TEHRAN, Young Journalists Club (YJC) - In a statement on Monday, the ministry offered its support for the forthcoming Yemen peace talks while urging the international community to play a "key and serious" role, including by exerting pressure on the exporters of arms to the aggressors in order to "facilitate the peace process in Yemen.”
Reiterating that the Yemeni people must be allowed to decide their country’s fate free from the outsiders’ interference, the statement said, “There is no way out of the Yemen crisis other than a political solution based on Yemeni-Yemeni talks.”
Iran's Foreign Ministry called on all Yemeni sides to have "constructive and responsible" participation in the peace talks with the goal of putting an end to the humanitarian crisis in Yemen.
It also urged “all the Yemeni sides to take trust-building measures, preparing the ground for achieving a comprehensive agreement to put an end to the suffering of Yemenis and the brutal blockage imposed on them.”
The statement pointed to the Islamic Republic's comprehensive four-point peace plan presented at the onset of the brutal aggression on Yemen to resolve the crisis, noting that the four-point plan included an immediate cessation of war, delivery of humanitarian aid, beginning of Yemeni-Yemeni talks, and the establishment of an all-inclusive government in Yemen.
In April 2015, Iranian Foreign Minister Mohammad Javad Zarif submitted a letter on a four-point peace plan for Yemen to the United Nations in an attempt to end the bloodshed in the Arab country.
In a post on his official Twitter account on Friday, Zarif once again assessed the viability of putting an end to the ongoing Saudi-led crisis in Yemen only through the Islamic Republic's four-point plan.
"Today, after untold human suffering & war crimes by the Saudi coalition & its U.S. accomplices, & efforts to whitewash their crimes with absurd allegations against Iran, our four-point plan still remains the only viable option," the top Iranian diplomat said.
Elsewhere in the statement, the Iranian Foreign Ministry reiterated that the warmongers have not achieved any of their political and hegemonic goals after four years of the bitter war and destructive aggression against Yemeni people.
"The campaign has only led to the collapse of economic resources and infrastructures of Yemen, deaths of thousands of women and children and other oppressed but resilient people of Yemen and a total humanitarian catastrophe in the country," it said.
The ministry expressed its readiness to establish cooperation with the international community to immediately resolve the ongoing crisis in Yemen.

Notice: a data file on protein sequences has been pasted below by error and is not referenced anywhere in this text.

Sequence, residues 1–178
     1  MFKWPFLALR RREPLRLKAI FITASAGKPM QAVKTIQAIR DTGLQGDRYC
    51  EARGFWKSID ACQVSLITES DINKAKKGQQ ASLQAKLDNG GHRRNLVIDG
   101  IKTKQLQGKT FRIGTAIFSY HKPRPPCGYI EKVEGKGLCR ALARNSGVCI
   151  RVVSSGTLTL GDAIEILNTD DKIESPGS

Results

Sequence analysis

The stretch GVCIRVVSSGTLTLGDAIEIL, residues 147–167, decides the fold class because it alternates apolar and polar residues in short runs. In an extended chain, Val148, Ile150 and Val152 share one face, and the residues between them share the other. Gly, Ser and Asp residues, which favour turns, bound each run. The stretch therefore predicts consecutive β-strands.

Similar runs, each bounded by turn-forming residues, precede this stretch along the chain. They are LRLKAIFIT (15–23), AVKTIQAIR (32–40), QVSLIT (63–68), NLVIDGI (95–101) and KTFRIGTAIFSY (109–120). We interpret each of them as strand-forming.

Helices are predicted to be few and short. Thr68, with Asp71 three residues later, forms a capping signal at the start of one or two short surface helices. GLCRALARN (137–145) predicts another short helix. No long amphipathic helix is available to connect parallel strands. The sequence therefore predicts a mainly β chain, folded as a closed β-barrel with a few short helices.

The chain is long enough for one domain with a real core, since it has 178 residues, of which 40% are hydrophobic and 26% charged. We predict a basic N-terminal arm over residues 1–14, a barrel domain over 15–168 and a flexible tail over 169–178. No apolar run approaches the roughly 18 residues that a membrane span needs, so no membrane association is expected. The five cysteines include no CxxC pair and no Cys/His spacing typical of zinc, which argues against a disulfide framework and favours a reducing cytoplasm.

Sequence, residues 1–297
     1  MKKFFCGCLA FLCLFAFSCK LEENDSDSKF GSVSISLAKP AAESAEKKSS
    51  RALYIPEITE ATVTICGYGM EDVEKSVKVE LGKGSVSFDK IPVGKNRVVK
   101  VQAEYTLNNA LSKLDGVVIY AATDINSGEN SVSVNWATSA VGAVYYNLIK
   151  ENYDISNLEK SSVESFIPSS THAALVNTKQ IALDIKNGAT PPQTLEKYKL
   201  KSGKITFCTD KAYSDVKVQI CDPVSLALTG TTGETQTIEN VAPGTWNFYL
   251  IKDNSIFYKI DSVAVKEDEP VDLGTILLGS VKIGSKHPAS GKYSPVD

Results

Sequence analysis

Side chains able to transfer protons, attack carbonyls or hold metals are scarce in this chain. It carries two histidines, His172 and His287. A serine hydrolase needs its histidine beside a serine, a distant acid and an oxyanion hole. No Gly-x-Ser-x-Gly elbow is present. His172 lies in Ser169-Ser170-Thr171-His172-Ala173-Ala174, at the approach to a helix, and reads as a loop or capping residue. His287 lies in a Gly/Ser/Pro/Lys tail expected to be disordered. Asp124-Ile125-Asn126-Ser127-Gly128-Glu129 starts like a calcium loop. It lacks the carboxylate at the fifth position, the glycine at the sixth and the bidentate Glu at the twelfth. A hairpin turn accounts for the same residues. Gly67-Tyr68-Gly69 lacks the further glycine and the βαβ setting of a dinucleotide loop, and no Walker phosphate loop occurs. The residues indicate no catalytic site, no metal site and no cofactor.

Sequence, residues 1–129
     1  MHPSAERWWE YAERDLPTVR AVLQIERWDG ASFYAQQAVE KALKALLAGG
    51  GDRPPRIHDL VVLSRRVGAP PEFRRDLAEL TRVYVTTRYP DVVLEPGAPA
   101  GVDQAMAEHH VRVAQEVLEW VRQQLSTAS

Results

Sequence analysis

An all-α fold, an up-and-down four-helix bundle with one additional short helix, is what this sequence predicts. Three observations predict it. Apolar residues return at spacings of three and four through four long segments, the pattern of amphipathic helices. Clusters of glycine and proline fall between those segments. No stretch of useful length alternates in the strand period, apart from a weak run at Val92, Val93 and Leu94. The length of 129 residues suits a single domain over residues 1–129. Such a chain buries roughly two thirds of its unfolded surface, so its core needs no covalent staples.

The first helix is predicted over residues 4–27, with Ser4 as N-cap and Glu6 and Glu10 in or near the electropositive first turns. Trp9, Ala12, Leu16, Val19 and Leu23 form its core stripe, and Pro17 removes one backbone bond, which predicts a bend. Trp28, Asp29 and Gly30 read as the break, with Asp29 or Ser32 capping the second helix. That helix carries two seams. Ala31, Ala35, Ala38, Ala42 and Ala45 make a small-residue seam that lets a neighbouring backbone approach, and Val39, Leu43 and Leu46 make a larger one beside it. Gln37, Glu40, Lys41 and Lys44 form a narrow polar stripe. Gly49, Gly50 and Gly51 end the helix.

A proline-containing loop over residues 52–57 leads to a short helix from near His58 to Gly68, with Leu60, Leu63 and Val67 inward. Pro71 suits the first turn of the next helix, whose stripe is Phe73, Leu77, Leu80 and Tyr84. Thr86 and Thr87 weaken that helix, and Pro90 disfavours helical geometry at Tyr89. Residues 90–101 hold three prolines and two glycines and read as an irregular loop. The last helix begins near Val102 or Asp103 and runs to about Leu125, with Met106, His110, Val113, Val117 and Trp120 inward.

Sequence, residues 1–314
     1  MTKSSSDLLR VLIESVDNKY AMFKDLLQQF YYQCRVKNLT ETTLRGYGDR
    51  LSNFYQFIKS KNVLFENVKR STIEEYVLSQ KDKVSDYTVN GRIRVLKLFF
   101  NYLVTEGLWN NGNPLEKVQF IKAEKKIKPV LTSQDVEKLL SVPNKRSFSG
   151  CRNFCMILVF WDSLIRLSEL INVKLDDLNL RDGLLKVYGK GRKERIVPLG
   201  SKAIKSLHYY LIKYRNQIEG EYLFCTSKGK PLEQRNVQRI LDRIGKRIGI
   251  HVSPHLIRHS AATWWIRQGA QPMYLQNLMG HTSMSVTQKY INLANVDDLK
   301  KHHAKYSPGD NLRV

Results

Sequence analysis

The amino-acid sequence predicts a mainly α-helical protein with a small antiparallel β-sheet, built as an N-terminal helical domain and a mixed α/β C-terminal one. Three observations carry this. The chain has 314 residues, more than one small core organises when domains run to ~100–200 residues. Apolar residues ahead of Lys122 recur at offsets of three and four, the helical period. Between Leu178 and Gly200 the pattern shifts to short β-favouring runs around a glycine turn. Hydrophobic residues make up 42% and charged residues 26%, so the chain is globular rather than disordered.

It also underlined the necessity of facilitating the process of delivering humanitarian aid to Yemen, saying, "It is the world’s historic responsibility today to make efforts to end humanitarian crisis and catastrophe in the Arab country."
Saudi Arabia and a number of its regional allies launched a devastating military campaign against Yemen in March 2015, with the aim of bringing the government of former Yemeni president, Abd Rabbuh Mansur Hadi, back to power and crushing the country’s Houthi Ansarullah movement.
According to a new report by the Armed Conflict Location and Event Data Project (ACLED), a nonprofit conflict-research organization, the Saudi-led war has so far claimed the lives of around 56,000 Yemenis.
The Saudi-led war has also taken a heavy toll on the country’s infrastructure, destroying hospitals, schools, and factories. The UN has already said that a record 22.2 million Yemenis are in dire need of food, including 8.4 million threatened by severe hunger. According to the world body, Yemen is suffering from the most severe famine in more than 100 years.
A number of Western countries -- the US, France and Britain in particular -- are also accused of being complicit in the ongoing aggression as they supply the Riyadh regime with advanced weapons and military equipment as well as logistical and intelligence assistance.
The United States will continue backing the Saudi-led war on Yemen, Secretary of State Mike Pompeo said on Saturday, despite a humanitarian crisis in the impoverished country and the global outrage aimed at Saudi Arabia in the wake of the murder of dissident journalist and The Washington Post columnist, Jamal Khashoggi, at the Saudi consulate in Turkey last month.
"The program that we're involved in today we intend to continue," Pompeo said, speaking from a Group of 20 summit in Buenos Aires.
Yet, he acknowledged that the crisis in Yemen has reached "epic proportions."
Source: Press TV